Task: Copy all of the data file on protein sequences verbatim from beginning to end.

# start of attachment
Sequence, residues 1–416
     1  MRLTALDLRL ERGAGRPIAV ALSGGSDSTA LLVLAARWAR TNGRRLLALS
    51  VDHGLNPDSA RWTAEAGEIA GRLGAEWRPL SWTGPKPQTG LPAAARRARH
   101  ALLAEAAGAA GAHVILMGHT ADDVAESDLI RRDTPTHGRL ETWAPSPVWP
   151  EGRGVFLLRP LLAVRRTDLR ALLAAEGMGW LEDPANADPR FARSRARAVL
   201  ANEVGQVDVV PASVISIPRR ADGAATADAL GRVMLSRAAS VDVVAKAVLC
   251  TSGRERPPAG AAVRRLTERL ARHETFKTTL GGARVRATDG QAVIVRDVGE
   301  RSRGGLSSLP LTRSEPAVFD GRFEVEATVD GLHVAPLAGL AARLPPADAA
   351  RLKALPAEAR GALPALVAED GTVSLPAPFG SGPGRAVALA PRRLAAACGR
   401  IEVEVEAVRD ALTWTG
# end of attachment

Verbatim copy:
Sequence, residues 1–416
     1  MRLTALDLRL ERGAGRPIAV ALSGGSDSTA LLVLAARWAR TNGRRLLALS
    51  VDHGLNPDSA RWTAEAGEIA GRLGAEWRPL SWTGPKPQTG LPAAARRARH
   101  ALLAEAAGAA GAHVILMGHT ADDVAESDLI RRDTPTHGRL ETWAPSPVWP
   151  EGRGVFLLRP LLAVRRTDLR ALLAAEGMGW LEDPANADPR FARSRARAVL
   201  ANEVGQVDVV PASVISIPRR ADGAATADAL GRVMLSRAAS VDVVAKAVLC
   251  TSGRERPPAG AAVRRLTERL ARHETFKTTL GGARVRATDG QAVIVRDVGE
   301  RSRGGLSSLP LTRSEPAVFD GRFEVEATVD GLHVAPLAGL AARLPPADAA
   351  RLKALPAEAR GALPALVAED GTVSLPAPFG SGPGRAVALA PRRLAAACGR
   401  IEVEVEAVRD ALTWTG